Tenor is announcing a software development kit (SDK) for Unity and Apple’s ARKit developers, enabling them to integrate animated GIFs into augmented reality apps and games.
With Tenor’s SDK, it becomes easier to search for and share GIFs, the repetitive animations that usually convey something funny. GIFs are decades old, but they’re more popular than ever on mobile devices, where (slightly) moving images can convey a lot more than words. Tenor has made it easy to search for and share GIFs, and now it’s making it easy to insert them into augmented reality apps, which use glasses or smartphones to overlay graphics and animations on top of the real world.
Apple is expected to make a lot of noise about ARKit, its platform for AR on iOS, next week at its event. By making GIFs easier to search for and share, Tenor helps people personally express themselves better, said Erick Hachenburg, the cofounder of Tenor, in a conversation last week with VentureBeat.
As AR grows, Tenor wants to give people the power to express themselves in a new medium. People already use Tenor hundreds of millions of times per day to express themselves with GIFs in mobile messaging apps. In AR, you could wear a GIF of your mood or your favorite actor on your T-shirt or put life-size GIFs of friends across the dinner table.
Tenor already collaborated with Dift, a digital studio known for their viral AR demos, to imagine what messaging might look like using Tenor’s ARKit API in a concept video.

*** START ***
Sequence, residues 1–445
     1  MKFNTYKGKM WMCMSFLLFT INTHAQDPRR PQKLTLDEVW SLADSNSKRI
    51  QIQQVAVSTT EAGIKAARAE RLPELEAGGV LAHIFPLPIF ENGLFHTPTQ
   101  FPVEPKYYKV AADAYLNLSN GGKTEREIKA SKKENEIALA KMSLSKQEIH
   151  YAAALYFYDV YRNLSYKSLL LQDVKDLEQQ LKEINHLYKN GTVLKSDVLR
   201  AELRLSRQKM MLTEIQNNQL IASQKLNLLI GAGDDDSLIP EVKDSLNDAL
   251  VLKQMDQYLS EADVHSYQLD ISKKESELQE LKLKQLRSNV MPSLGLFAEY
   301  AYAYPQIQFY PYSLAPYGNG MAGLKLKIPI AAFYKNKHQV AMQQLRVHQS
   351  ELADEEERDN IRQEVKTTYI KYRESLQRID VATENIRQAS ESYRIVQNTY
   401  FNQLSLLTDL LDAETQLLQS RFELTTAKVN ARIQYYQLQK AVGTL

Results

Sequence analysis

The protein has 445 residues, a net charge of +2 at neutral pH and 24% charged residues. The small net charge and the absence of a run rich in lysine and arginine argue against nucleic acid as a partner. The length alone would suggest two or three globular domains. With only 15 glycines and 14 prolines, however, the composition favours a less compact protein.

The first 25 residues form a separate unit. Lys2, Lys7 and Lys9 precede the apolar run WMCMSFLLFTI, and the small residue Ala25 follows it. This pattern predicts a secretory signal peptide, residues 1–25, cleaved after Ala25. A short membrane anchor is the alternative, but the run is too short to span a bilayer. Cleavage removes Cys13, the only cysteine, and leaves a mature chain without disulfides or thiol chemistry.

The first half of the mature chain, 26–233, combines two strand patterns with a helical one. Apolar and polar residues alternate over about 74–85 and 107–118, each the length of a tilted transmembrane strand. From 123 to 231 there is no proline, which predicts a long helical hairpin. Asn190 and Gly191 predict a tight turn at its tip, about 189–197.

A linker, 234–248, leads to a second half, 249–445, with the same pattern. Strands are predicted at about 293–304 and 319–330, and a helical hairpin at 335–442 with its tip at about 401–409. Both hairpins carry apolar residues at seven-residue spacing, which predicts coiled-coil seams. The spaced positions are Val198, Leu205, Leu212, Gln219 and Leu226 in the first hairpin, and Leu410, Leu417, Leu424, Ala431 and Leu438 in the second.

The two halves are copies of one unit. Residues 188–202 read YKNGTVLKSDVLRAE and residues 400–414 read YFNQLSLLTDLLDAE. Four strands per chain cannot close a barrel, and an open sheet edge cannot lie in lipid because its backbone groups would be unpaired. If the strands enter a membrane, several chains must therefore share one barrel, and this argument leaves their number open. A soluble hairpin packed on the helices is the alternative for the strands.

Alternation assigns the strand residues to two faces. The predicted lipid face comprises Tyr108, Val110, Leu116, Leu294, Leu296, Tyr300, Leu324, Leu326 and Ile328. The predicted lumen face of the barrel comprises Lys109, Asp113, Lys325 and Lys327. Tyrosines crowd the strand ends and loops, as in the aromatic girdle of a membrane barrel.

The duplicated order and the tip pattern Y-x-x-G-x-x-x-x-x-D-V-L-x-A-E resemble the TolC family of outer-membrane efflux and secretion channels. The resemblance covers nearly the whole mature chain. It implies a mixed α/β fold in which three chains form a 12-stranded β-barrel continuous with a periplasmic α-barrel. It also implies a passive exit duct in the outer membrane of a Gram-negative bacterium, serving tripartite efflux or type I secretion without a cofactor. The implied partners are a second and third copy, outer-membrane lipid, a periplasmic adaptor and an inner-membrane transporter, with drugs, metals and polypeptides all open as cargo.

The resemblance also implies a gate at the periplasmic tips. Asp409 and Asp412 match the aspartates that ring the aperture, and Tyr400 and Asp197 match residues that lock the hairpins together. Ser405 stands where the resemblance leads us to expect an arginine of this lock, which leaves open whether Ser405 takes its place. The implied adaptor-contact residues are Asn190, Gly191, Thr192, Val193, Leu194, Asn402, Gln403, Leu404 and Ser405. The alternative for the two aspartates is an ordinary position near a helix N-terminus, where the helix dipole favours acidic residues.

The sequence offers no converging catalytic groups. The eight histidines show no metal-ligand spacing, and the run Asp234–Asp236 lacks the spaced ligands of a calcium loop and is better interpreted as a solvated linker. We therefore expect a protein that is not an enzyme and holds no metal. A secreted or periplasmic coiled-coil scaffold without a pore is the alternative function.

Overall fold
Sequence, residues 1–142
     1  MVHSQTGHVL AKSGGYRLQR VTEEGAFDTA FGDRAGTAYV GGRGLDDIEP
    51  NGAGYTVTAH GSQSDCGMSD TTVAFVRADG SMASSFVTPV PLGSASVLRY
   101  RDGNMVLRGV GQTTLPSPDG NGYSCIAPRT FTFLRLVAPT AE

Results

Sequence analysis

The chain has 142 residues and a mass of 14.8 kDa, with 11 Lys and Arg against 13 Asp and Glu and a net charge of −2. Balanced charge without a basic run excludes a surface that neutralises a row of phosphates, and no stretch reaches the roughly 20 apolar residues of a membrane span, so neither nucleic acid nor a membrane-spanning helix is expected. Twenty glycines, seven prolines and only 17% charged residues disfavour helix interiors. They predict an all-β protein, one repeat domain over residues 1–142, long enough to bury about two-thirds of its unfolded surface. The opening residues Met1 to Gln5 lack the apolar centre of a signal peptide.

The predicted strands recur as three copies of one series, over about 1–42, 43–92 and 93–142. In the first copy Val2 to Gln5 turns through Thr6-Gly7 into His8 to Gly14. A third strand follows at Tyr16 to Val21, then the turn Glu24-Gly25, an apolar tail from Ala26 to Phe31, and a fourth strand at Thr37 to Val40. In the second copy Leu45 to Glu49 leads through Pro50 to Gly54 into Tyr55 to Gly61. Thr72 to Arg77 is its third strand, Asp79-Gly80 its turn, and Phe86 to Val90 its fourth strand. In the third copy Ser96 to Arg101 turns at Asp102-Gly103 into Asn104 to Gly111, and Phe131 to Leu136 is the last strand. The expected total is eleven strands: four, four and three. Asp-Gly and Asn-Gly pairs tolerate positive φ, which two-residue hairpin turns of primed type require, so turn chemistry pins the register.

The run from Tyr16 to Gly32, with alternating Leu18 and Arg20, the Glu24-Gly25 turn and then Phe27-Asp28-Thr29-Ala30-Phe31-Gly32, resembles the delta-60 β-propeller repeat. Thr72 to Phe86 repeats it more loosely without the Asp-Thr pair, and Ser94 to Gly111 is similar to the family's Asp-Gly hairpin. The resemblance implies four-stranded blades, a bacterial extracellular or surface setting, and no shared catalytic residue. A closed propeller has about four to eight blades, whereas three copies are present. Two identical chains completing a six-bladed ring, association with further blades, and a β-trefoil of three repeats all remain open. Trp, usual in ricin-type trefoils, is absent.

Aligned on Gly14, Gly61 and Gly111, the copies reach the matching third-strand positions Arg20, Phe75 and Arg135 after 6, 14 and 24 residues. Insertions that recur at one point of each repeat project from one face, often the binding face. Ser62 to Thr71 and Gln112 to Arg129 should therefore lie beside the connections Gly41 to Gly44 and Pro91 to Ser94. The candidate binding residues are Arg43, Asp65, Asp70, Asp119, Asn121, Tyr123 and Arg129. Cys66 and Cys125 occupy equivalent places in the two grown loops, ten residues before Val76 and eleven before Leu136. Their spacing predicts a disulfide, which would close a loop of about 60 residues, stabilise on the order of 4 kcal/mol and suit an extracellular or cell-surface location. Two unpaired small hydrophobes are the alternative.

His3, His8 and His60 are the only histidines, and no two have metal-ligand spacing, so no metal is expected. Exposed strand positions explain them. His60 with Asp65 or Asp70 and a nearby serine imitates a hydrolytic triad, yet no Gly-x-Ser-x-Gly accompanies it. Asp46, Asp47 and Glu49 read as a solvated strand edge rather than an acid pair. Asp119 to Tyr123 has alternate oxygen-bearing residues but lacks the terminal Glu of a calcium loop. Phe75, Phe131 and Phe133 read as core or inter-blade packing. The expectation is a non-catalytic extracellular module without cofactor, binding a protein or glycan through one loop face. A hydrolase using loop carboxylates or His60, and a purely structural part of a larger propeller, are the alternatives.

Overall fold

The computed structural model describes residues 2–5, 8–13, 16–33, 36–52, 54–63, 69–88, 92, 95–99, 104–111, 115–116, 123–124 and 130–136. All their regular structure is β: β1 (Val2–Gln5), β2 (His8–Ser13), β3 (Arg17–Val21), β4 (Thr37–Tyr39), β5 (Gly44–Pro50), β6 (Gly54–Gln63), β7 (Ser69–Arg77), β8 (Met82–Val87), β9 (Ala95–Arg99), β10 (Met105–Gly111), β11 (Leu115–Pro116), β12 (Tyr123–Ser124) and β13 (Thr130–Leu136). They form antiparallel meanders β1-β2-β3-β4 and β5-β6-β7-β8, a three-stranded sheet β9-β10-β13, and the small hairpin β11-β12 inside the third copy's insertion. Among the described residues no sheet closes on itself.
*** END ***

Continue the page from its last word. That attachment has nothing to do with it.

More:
Tenor was founded in 2014 by a team of serial entrepreneurs (David McIntosh, CEO; Hachenburg; and Frank Nawabi) who spent the prior seven years building companies in online video. Tenor was founded on the premise that mobile would create an opportunity for a new format of video built for the core purpose of mobile: communication. The company has 40 people in three offices, and it is based in San Francisco.
Tenor has raised $ 15 million to date. The company’s backers include Redpoint Ventures, Menlo Ventures, Cowboy Ventures, Tenaya Capital, and others. More than 250 million people each month use Tenor to add tone to their mobile messaging conversations by adding GIFs that visually communicate their thoughts and feelings. Tenor’s distribution partners include Facebook and Apple, and its content partners include 21st Century Fox, DreamWorks, Netflix, NBCUniversal, Paramount, Showtime, Sony, Warner Bros., Viacom, and Vevo.
A poll by Tenor and Harris Poll found that 64 percent of 18- to 44-year-old people believe that GIFs more effectively express their emotions — as compared to either words or emojis.